EU Opens Formal Inquiry Into Google + DoubleClick Merger
Having concluded a preliminary review into the ramifications of search engine and contextual ad provider Google merging with display ad and campaign management system provider DoubleClick, the European Commission has decided it will now open its formal "in-depth investigation" into the matter.
In a statement this afternoon, the EC stated its preliminary review concluded the merger, proposed last April, "would raise competition concerns in the markets for intermediation and ad serving in online advertising."
While the US Federal Trade Commission is also reviewing the merger, and has received several petitions opposing it, the EC investigation will likely last longer. For now, the EC has given itself a 90-day deadline - until next April 2 - to decide whether the merger would significantly impede competition in all or part of Europe.
What measures the EC could then take would not only set historic precedent, but may also pit two of the world's leading economies against one another in a showdown over who has the right to regulate American business. While on the surface, it's inconceivable that the EC could effectively block the merger of these two companies - whose New York offices have always shared the same building - from taking place, it could stipulate that Google and DoubleClick would not be allowed to do business in Europe as one company.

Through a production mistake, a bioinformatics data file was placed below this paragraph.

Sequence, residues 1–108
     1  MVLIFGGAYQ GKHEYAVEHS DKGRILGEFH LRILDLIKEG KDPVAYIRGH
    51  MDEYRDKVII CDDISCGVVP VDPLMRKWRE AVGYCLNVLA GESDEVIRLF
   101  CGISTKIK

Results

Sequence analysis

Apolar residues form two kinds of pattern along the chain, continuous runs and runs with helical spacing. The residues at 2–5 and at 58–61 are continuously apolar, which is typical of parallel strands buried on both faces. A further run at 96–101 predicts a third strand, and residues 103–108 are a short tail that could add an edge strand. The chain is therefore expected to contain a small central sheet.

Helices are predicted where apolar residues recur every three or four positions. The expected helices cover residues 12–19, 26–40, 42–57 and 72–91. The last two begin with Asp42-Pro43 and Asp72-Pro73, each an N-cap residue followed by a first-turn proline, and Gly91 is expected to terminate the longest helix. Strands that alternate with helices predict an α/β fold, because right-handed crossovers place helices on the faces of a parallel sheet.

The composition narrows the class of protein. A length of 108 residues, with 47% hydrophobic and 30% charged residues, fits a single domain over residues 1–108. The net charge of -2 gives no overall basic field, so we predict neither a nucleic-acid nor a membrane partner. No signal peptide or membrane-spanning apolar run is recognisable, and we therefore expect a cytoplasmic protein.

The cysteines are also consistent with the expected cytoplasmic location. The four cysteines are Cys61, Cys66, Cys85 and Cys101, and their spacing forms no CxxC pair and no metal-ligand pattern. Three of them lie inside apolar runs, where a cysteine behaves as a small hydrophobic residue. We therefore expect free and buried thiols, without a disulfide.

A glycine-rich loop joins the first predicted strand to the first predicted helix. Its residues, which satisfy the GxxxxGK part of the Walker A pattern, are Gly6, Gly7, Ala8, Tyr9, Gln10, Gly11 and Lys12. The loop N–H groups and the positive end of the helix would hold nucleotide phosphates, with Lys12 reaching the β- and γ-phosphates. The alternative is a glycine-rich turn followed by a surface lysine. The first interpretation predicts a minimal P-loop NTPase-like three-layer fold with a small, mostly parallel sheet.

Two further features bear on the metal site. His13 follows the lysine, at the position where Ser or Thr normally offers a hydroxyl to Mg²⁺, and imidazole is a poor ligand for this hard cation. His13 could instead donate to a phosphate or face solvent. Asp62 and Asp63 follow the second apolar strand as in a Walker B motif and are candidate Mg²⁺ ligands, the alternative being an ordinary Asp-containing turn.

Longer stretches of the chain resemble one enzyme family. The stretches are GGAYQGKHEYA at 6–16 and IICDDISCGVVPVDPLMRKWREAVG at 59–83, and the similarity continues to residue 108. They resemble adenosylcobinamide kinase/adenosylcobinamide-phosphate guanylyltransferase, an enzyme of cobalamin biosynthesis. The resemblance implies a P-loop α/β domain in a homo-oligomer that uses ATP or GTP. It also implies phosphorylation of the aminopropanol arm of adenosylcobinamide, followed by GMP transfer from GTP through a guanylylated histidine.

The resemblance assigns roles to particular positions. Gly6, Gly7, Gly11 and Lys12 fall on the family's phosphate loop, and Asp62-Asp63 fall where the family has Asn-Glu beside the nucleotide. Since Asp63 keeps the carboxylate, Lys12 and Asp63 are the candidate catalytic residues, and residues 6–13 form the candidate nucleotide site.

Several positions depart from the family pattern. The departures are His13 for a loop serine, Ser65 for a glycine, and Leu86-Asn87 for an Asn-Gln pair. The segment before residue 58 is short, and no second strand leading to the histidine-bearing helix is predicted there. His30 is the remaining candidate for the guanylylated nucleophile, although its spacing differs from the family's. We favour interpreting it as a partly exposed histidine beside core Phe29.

And since it's pretty difficult to put up one virtual storefront for one hemisphere of the Internet and two separate ones for the other hemisphere, a ban on doing business as a merged company could be as good as an outright block. A Google spokesperson has already told BetaNews the entities will not merge until the EU government has given its outright approval.
According to today's statement, the test before the formal EC inquiry now will be whether, if DoubleClick and Google were left to their own devices, DoubleClick would have gotten into the context ad business on its own, competing with AdSense. "The Commission will, in particular," today's statement reads, "investigate whether without this transaction, DoubleClick would have grown into an effective competitor of Google in the market for online ad intermediation."
While on the one hand, Google is prepared to wait, on the other it would prefer that the European Commission get a move on. In a statement to the BBC this afternoon, CEO Eric Schmidt said, "We seek to avoid further delays that might put us at a disadvantage in competing fully against Microsoft, Yahoo, AOL, and others whose acquisitions in the highly competitive online advertising market have already been approved."